I don’t need to repeat the appalling homeless and social housing list statistics – they are to the fore of all Dublin City Council officials and councillors as we attempt to alleviate the suffering of those who do not have a safe, secure and appropriate place to call their home. Nor do I need to emphasise that housing supply is central to such alleviation. However, what needs recognition is that those who push populist solutions to our housing crisis often end up delaying and thwarting real possible solutions because they ignore legal parameters. Tonight’s debate on the Dublin City Council report on Priory Hall was one such example.
In 2013, after much negotiation the Department of the Environment and Local Government provided funds to DCC to manage the refurbishment of Priory Hall and a legal resolution agreement was drawn up to underpin the refurbishment. Part of this agreement was that the original balance of residential unit tenure i.e. social housing, owner-occupier and buy-to-let, be maintained. A report to this evening’s meeting sought to begin the process of unit allocation according to the 2013 agreed resolution.
The populist ultra left would like us to believe that only they have a real social conscience and that the so-called establishment doesn’t care for the ordinary man and woman. They also tend to believe that laws can be disregarded in an instant to resolve issues as they see fit. This evening they wanted to do just this and completely ignore the resolution agreed for the refurbishment of Priory Hall when they sought to change the retention of the previous housing balance in favour of almost 100% social housing.
No-one argues against the need for more social housing units however this proposal failed to recognise that mixed tenure is acknowledged as a requirement for sustainable communities and that the previous Priory Hall agreement would have to be completely re-negotiated. This would cause an immense delay and no doubt expense and would probably not succeed. Such consequences were explained to the chamber by the CEO and the DCC Law Agent.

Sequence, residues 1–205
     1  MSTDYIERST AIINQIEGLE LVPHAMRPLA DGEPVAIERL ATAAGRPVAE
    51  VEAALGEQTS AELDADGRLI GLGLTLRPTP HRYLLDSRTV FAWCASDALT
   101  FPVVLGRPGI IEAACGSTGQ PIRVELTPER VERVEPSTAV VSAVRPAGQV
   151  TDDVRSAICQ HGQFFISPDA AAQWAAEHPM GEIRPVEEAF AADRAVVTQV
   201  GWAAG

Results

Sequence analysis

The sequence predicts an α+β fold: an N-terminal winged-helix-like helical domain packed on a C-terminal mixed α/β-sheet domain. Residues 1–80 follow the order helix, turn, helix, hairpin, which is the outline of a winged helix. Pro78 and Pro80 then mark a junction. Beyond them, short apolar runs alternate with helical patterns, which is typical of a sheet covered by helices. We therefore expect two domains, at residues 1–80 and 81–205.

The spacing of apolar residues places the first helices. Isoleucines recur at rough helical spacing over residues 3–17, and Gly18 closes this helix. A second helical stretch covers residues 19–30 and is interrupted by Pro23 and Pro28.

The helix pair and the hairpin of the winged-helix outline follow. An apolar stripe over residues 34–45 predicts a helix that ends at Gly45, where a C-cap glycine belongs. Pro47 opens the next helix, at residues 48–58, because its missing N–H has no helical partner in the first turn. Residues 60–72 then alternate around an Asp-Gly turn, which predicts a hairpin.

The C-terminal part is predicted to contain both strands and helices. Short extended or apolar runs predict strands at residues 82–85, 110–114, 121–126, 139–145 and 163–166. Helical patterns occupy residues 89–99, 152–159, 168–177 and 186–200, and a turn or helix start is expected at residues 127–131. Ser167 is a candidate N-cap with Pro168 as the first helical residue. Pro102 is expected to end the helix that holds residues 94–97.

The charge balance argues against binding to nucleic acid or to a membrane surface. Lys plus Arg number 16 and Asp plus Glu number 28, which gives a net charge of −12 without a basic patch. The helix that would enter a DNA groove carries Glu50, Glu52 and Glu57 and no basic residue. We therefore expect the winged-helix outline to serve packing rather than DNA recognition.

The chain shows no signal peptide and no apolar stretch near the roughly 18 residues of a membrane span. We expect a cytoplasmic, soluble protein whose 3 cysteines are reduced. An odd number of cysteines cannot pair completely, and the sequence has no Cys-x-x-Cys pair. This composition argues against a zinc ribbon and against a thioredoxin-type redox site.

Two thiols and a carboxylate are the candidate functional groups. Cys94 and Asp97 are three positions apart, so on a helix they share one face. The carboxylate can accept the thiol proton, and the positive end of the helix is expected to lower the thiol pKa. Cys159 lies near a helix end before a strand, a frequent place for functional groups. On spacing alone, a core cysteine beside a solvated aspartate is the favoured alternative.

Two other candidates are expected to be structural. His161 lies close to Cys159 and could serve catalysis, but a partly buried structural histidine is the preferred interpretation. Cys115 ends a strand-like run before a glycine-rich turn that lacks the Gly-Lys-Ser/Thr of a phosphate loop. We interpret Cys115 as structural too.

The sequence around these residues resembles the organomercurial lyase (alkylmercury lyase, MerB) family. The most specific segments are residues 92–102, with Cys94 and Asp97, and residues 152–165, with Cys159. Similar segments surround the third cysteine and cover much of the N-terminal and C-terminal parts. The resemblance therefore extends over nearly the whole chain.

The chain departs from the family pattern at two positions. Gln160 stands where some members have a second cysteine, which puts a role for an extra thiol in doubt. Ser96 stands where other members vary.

Instead of ignoring the resolution, myself and my Labour Party colleagues sought to make timely housing gains for those in need within the parameters of the agreement. Originally, 20% of the units in Priory Hall were allocated to social housing so we sought to amend the agreement to increase this by 10% to allow for 30% or about 57 units out of 187 – a reasonable ask that has a much greater possibility of being achieved without significant delay or expense.
We also proposed that DCC would ‘retain sufficient units so as to provide an overall owner-occupier affordable housing level of 30% within the entire Priory Hall development to support those who meet the income criteria to be eligible for local authority house purchase loans‘. This proposal recognised and respected the number of owner-occupier units of the original development but argued for a targeted opportunity (38 units) for those on lower incomes to buy units designated for owner-occupiers. Again, a workable ask within the resolution parameters that will make a real difference for those lower earners (single income of under €50,000 or a joint income of no greater than €75,000).
This practicable, reasonable and workable approach won’t make the headlines but it will make a real difference to many families seeking a more secure and affordable home. It also recognises that as public representatives we have a responsibility to support the wide variety of housing requirements and to find real solutions, not populist unachievable ones, for those who need our support.